Next week: The Henry Doorly Zoo and College World Series parking.

Copyright 2009 by Jason Offutt

You can order Jason’s books on the paranormal, “Darkness Walks: The Shadow People Among Us,” and “Haunted Missouri: A Ghostly Guide to Missouri’s Most Spirited Spots,” at

Tuesday, June 16, 2009

Why Is It Always the Groin?

The Girl ran through the water with all the energy her two-year-old toddlerness could muster, which is approximately enough to power Detroit through a rough winter.

Her mother and I have, of course, told her not to run at the pool 1,001 times. This is not hyperbole; we’ve kept track.

“Daddy, Daddy,” she screamed, although her mother and I have, of course, told her not to scream at the pool.

We’re no longer surprised she doesn’t hear us. All parents will eventually realize their children only consider them “those big people who give us food.” When they’re teens that turns into, “those people who embarrass us/give us money/gave us their hairline.” What we say isn’t really important. You know, like “don’t play in the street,” “don’t eat the thing wrapped in foil in the back of the fridge,” “study.”

“Honey, don’t run at the …” I started, but was stopped by a sudden blinding pain.

Using a cursory, “awe, isn’t she cute,” glance, a child looks like a soft little bundle of fluff that is fun to play with. In reality, a child is pointy, possesses at least six knees, 14 elbows and a head I’m convinced was built on the planet Krypton.

I bent forward, but not voluntarily.

The groin, I wondered as the pain subsided and I could see shapes and colors again. Why is it always the groin?

Fathers, I’ve found – the hard way, and don’t think I haven’t cursed my father for not warning me – spend roughly 37 percent of their day working, 29 percent sleeping (mostly in front of the television), 19 percent eating/driving/thinking about cheerleaders, and 15 percent in the fetal position gasping for air.

What I wouldn’t give for a bruised thigh or a fat lip. At least then I wouldn’t wonder why we spent all that money for a vasectomy when it was going to be done at home for free. I usually wonder this while lying in a pool of my own tears.

“What’s wrong?” my wife asked.

“Hhhhhheeeeeehhhh,” I wheezed.

“She got you again?” she said, trying her best to sound sympathetic.

I nodded.

Ladies, you’re wonderful understanding people who have absolutely no clue what I’m talking about. When this injury happens in the movies, everyone laughs, Dad gets up and goes about his business, which usually involves doing something socially awkward in front of his kid’s friends. Hollywood is founded on lies. When this happens in real life, everyone still laughs, but Dad doesn’t get up.

When the color came back to my face, we left. Not because of me, the kids were tired after dragging me out of the water.

On the ride home, the Girl and the Boy screamed when they saw a woman walking her golden retriever down the street.

“Maybe we should get a dog,” my wife said.

Great, that’s just what I need, another pointy thing in the house.

Copyright 2009 by Jason Offutt

You can order Jason’s books on the paranormal, “Darkness Walks: The Shadow People Among Us,” and “Haunted Missouri: A Ghostly Guide to Missouri’s Most Spirited Spots,” at

Thursday, May 28, 2009

The Rules of Being Protestant

There are accepted rules when it comes to being Protestant.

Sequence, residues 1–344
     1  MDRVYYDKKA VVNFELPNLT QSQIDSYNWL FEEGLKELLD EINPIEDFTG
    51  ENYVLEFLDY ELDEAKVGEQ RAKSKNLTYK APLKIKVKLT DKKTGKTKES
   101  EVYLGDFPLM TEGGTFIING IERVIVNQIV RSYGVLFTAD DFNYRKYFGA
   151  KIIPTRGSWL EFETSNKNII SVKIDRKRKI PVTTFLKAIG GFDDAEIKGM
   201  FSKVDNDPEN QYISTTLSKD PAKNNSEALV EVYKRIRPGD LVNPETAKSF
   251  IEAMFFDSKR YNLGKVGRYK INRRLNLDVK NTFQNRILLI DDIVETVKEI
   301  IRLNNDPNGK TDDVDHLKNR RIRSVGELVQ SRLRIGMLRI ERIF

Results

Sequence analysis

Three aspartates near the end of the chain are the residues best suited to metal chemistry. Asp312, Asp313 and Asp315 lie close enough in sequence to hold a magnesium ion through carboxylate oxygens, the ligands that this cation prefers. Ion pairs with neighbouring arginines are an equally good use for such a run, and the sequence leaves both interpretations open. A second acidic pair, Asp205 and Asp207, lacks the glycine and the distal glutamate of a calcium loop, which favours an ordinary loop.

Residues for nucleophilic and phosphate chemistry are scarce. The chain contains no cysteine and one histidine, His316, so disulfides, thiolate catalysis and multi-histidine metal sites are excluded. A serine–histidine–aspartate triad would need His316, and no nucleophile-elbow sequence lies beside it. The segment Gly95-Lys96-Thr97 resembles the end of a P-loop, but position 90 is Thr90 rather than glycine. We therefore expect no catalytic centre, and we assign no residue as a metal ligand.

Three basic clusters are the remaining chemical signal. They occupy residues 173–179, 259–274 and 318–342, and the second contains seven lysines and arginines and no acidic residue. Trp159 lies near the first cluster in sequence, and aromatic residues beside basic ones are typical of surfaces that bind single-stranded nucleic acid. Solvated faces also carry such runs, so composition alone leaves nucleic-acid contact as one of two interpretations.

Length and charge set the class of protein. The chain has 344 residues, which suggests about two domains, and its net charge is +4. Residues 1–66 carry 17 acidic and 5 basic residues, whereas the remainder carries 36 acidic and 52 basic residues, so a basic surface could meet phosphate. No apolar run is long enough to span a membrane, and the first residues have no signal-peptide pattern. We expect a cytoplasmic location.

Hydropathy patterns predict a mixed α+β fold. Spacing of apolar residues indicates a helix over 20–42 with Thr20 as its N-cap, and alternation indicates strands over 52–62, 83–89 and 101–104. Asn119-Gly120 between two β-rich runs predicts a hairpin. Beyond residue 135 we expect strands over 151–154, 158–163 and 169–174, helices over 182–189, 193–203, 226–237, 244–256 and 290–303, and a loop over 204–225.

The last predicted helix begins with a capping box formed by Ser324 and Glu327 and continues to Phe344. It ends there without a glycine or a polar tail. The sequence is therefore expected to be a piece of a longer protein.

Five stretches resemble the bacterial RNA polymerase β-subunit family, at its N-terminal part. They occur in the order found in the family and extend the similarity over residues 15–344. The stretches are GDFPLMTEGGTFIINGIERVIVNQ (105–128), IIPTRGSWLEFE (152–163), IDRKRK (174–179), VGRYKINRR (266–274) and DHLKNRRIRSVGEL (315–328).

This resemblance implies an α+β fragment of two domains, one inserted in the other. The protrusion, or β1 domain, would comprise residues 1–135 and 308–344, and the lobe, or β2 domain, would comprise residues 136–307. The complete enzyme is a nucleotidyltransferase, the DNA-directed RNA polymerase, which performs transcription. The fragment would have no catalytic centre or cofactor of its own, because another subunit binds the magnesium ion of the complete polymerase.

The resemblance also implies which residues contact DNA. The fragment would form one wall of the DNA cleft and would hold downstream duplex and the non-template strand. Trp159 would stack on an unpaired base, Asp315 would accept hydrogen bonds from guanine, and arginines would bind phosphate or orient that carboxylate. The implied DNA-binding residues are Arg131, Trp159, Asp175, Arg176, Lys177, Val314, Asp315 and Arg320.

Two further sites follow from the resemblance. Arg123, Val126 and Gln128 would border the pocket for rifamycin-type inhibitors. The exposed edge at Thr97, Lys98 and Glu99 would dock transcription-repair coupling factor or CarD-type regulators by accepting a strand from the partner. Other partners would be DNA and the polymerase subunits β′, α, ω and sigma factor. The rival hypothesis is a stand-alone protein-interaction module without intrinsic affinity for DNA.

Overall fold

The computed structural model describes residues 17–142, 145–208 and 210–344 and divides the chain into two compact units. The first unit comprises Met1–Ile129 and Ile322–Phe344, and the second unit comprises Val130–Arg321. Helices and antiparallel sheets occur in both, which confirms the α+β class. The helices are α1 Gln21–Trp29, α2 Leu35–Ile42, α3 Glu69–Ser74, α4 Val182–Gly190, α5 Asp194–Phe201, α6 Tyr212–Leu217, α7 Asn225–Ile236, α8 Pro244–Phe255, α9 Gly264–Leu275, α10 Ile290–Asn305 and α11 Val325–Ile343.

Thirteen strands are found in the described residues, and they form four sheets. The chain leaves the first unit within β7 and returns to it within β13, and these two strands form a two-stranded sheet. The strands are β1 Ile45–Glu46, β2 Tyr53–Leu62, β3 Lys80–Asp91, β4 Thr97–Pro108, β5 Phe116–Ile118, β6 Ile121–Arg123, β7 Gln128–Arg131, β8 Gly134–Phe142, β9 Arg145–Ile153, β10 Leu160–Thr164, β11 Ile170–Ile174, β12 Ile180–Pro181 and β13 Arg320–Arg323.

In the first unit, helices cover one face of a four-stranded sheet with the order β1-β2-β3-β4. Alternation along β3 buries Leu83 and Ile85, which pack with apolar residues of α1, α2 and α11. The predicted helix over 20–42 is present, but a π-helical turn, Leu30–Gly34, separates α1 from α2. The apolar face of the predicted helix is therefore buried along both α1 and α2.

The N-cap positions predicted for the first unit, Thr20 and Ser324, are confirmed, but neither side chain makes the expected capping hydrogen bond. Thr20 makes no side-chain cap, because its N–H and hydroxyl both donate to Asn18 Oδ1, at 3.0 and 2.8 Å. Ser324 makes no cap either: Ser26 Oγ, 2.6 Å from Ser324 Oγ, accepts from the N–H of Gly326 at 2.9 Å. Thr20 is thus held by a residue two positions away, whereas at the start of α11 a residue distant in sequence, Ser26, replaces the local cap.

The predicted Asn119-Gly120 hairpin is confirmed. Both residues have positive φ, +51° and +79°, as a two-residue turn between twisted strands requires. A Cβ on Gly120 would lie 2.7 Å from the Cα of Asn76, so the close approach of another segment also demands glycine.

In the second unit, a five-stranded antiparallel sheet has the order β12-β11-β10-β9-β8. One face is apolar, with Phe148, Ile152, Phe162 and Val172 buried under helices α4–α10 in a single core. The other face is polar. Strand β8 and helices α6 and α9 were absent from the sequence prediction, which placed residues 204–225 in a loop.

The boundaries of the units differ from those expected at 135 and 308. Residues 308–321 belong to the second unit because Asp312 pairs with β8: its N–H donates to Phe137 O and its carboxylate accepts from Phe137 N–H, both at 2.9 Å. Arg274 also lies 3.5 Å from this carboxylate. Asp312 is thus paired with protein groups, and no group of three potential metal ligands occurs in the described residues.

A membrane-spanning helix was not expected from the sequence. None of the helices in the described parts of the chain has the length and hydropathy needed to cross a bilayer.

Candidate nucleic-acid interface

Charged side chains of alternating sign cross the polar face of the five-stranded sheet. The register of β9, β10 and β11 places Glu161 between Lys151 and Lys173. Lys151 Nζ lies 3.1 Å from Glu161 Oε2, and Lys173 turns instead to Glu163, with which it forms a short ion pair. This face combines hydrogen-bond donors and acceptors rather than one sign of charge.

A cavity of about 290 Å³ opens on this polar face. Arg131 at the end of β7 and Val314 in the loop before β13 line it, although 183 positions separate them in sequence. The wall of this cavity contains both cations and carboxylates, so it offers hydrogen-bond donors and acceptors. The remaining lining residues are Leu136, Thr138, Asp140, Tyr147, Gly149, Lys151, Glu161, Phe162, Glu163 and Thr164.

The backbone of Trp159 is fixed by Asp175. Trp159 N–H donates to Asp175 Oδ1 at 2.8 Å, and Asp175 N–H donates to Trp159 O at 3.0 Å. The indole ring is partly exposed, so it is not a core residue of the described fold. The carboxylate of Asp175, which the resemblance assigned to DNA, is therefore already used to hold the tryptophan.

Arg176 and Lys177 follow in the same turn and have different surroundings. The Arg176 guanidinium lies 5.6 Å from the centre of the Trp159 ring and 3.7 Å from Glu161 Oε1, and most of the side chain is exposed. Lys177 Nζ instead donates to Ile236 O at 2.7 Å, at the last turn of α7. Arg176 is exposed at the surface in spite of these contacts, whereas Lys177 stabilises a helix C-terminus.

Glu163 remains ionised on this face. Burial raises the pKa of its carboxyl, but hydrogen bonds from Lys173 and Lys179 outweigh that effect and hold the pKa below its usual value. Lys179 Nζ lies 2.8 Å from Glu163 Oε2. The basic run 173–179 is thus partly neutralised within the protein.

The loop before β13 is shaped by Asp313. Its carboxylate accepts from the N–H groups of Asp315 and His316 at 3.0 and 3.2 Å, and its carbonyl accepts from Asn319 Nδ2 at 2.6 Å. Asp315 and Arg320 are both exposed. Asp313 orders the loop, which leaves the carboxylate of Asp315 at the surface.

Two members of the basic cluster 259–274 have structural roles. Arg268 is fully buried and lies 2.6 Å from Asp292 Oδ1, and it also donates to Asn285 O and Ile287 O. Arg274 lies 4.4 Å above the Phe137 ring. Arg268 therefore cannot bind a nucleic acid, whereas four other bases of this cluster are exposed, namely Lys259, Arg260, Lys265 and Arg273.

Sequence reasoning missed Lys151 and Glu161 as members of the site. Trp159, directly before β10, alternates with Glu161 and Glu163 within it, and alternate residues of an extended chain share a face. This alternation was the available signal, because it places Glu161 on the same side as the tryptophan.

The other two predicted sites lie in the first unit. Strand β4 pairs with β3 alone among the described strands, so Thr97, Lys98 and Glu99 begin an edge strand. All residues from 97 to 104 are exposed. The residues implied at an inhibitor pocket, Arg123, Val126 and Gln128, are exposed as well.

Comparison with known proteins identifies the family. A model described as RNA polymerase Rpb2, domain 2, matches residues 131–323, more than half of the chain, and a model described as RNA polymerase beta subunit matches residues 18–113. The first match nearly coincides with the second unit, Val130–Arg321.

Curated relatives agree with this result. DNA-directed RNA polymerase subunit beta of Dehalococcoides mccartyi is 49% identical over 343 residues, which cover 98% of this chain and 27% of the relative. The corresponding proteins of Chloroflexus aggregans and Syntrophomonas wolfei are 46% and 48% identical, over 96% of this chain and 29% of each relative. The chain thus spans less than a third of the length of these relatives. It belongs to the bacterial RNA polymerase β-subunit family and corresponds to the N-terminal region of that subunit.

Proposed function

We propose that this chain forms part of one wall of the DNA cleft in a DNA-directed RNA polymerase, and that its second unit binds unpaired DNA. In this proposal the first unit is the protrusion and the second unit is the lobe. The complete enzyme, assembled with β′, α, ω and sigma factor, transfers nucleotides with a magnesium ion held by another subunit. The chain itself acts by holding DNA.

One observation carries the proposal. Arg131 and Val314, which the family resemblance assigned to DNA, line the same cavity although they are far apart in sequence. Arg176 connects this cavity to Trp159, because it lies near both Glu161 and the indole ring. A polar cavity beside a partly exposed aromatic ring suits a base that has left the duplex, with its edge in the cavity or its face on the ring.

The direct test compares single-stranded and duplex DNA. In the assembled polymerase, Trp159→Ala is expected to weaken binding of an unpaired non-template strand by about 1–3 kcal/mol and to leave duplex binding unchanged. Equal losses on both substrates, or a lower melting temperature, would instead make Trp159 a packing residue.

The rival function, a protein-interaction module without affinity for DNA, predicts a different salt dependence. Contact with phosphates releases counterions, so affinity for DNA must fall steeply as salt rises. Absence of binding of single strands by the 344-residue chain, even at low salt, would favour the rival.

The host is crackers and grape juice, which leaves Protestants of today worrying about the number of carbs they’re taking in on Sunday morning.

At some point, usually near the end of the service, someone will pass a plate down your pew. You’re supposed to put money in it. Just picture yourself at a party in college although nobody’s going to return with a fresh keg.

You’re supposed to sit quietly, unless it’s time to sing, then it’s acceptable to mumble because there are plenty of people who’ll sing over you, just like in elementary school.

And children get their own special sermon at the front of the sanctuary, during which they sit looking at the back of the sanctuary to see if their parents are watching.

This is the Boy’s favorite part of the service. He loves to wave at us.

“Would the children like to come forward?” the preacher asked.

A few children, pushed into the aisles by their parents, ventured forward. The Boy sprinted. He’d already sat still 10 whole minutes.

But something unexpected happened; the Girl squirmed out of my wife’s arms.

“I wann go, too,” she said.

What? She’d never asked to go to the children’s sermon before. She’d always been content to color, practice saying Daddy’s special “football words,” or sit in the nursery and win animal crackers off the other toddlers at craps.

But the children’s sermon? She’s only two. The Boy’s four, he can handle the responsibility of sitting on steps quietly and waving. He also has the advantage of never pulling a skirt over his head.

“Are you sure?” my wife asked.

“Uh huh,” the Girl said and we let her follow her brother to the front.

There’s something about a pretty little girl in a pink dress and ponytail that doesn’t scream, “I’ll age you prematurely,” but my wife and I are no longer fooled.

The Girl walked in the general direction of the children’s sermon and stopped.

“She’s not going up there,” my wife whispered.

She was right.

The Girl turned, looked at us, grinned, and started weaving her way through the empty rows of pews that always dominate the front of Protestant church services. Muffled laughter ran through the congregation, not necessarily because this was cute – it was – but because everyone knew it embarrassed the heck out of us.

“When she comes close enough,” my wife said, “I’m going to grab her.”

The Girl crept closer. My wife watched her like a lion stalking a gazelle. Three feet away she looked at my wife, turned and skittered back down the aisle.

“Don’t look her in the eyes,” my wife said. “She’s like a wild animal. If she knows we’re looking at her, she won’t get close to us.”

So we employed the deer in the forest “if I can’t see it, it can’t see me” technique and my wife finally caught her. Yes, the Child Running Loose in the Sanctuary Routine is one of the accepted rules of being a Protestant. And it’s cute, as long as the dress stays below her head.

Copyright 2009 by Jason Offutt

You can order Jason’s books on the paranormal, “Darkness Walks: The Shadow People Among Us,” and “Haunted Missouri: A Ghostly Guide to Missouri’s Most Spirited Spots,” at